Featured Research

from universities, journals, and other organizations

Paper guides physicians' disclosure of colleagues' errors

Date:
October 30, 2013
Source:
University of Washington - Health Sciences/UW News, Community Relations & Marketing
Summary:
A position paper published gives guidance to clinicians about broaching potential medical mistakes made by co-workers. The authors attempt to reframe the meaning of "colleague."

Physicians' disclosure of errors has been studied more in the past decade than ever before, spurring rationales and guidelines for acknowledging one's own mistakes with patients. Relatively little, though, has spoken to how physicians should broach mistakes made by colleagues.

"What do I do when it's somebody else's error and I have to decide whether to say anything to the patient?"

It's the question Thomas Gallagher has fielded most often at the hundreds of error-disclosure seminars he's led. Gallagher, a general internist and UW professor of medicine and of bioethics & humanities, is lead author of "Talking with Patients about Other Clinicians' Errors," an article to be published Oct. 31 in the New England Journal of Medicine.

At its core, he said, the paper attempts to reframe what being a "colleague" means.

"What do professionalism and collegiality really call on us to do? The historical norm is that being a good colleague means not saying anything, having their back, when you think they've made a mistake. We're asking people to turn toward their colleagues in those instances," Gallagher said.

Barriers to these conversations abound: the lack of confidence in one's disclosure skills, mixed signals from healthcare institutions and malpractice insurers, and potential repercussions such as being labeled disloyal, losing referrals and the specter of litigation all contribute to the culture of physicians looking away from problems.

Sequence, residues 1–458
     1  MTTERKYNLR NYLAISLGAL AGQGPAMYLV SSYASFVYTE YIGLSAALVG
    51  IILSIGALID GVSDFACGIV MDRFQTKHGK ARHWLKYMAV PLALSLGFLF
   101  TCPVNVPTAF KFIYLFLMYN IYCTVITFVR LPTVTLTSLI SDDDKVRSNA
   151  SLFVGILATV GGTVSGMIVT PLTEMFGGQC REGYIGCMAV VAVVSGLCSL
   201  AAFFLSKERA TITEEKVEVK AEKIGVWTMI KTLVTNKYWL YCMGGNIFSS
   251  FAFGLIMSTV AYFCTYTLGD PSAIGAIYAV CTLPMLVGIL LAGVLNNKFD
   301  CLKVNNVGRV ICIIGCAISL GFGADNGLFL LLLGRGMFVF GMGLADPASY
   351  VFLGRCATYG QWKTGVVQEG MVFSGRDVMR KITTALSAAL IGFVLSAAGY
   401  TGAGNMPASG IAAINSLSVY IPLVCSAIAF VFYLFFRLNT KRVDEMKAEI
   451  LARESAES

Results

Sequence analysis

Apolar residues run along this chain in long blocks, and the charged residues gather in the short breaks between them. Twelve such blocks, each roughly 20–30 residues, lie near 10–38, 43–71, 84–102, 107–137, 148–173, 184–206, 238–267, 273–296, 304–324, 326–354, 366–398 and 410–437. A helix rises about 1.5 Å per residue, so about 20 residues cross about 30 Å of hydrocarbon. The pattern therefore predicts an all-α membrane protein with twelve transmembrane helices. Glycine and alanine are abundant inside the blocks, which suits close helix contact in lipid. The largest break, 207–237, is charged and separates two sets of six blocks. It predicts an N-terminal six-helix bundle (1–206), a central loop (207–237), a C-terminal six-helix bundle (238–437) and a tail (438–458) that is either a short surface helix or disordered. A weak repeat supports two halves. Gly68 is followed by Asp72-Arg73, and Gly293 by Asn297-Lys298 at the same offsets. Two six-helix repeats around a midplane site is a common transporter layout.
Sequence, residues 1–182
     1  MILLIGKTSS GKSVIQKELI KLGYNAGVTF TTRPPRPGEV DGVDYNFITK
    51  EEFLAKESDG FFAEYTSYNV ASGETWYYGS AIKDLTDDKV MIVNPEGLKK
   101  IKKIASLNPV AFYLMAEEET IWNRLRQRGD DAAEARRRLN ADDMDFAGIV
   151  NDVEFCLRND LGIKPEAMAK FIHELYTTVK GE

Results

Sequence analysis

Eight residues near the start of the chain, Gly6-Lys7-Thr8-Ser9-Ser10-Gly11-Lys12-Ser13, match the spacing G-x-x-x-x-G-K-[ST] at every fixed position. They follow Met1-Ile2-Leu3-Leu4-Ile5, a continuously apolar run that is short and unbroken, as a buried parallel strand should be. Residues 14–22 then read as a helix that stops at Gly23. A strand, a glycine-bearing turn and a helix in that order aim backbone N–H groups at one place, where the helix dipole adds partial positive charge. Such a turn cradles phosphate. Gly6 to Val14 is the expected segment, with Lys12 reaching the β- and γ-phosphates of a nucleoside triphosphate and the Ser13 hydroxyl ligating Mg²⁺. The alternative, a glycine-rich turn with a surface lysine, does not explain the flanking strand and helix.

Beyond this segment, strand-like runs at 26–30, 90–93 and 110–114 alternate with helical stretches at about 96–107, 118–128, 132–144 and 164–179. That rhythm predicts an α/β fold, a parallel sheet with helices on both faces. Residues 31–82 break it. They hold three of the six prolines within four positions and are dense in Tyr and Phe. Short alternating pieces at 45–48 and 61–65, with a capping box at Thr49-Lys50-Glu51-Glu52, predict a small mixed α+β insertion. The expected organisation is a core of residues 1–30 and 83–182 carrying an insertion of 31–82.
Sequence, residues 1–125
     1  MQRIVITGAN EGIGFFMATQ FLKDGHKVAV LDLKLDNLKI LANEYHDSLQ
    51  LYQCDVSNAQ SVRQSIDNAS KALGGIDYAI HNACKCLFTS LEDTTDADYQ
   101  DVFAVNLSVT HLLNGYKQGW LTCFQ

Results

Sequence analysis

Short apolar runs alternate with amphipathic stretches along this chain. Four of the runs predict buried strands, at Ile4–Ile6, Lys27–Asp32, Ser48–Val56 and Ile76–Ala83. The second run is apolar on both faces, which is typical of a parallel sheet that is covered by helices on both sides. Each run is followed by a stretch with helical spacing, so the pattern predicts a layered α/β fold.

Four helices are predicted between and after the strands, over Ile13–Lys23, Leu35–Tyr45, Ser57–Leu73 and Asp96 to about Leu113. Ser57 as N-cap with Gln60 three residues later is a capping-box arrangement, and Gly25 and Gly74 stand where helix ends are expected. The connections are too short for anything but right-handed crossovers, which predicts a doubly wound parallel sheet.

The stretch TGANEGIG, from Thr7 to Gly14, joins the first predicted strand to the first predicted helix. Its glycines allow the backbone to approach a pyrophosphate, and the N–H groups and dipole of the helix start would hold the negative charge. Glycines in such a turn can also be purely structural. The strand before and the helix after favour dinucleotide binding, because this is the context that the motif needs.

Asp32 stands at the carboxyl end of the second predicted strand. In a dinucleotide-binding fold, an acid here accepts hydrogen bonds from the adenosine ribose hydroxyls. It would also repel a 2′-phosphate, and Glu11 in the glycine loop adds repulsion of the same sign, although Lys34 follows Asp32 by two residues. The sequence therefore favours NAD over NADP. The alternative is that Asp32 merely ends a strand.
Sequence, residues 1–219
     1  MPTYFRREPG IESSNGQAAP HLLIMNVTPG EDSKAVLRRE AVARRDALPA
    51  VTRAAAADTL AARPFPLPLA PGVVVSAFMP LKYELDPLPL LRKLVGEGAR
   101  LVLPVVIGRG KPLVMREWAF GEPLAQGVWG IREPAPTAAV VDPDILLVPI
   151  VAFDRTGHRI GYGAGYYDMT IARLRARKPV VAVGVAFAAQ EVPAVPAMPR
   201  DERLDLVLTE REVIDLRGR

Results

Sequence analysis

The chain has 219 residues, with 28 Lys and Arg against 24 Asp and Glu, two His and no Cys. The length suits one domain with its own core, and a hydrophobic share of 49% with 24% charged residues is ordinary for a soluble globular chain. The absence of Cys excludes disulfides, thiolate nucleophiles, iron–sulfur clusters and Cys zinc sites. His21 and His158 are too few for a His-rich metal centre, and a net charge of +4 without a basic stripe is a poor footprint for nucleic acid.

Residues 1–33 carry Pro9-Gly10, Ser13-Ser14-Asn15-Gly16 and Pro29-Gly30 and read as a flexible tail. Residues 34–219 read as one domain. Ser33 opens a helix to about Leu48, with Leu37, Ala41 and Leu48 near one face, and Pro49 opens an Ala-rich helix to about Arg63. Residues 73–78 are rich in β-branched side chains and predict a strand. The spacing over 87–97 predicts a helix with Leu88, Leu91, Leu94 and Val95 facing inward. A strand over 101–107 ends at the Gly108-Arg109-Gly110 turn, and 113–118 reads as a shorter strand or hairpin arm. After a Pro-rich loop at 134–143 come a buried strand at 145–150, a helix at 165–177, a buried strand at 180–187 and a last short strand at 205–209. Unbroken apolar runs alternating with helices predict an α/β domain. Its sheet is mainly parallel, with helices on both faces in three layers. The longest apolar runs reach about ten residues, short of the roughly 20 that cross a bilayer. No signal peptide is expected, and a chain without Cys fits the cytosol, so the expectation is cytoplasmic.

"Part of the change that we and others are working toward is to take away that sense of shame and stigma when care has not gone well, and make it the norm to talk with one another about quality problems," Gallagher said. "Everyone makes mistakes, so the norm should not be, 'How do I keep this to myself?'"

Broaching a potential error with a colleague is more complex than a direct "mea culpa" to a patient. Beyond the confrontation itself, there are questions of whether and when to involve other clinicians or institutional administrators. The authors warn against speculation and give guidance to fact-finding without provoking defensiveness.

Institutions should provide leadership in bringing about these conversations, the authors wrote, by strengthening "atmospheres of trust in which people are encouraged, even rewarded, for providing essential safety-related information." Many have adopted disclosure-coaching programs to help facilitate peer-to-peer discussions, the paper said.

The movement to transparency is grounded not only in an ethical obligation to patients, but also in the mandate to improve the quality of healthcare.

"That we struggle to ask colleagues to have discussions when care has not gone well is a major drag on our ability to learn from problems and prevent recurrences. Doctors are going to have to get much better with having that awkward conversation. Institutions need to figure out what they can do to support that," Gallagher said. "Being transparent is really a collective responsibility."


Story Source:

The above story is based on materials provided by University of Washington - Health Sciences/UW News, Community Relations & Marketing. Note: Materials may be edited for content and length.


Journal Reference: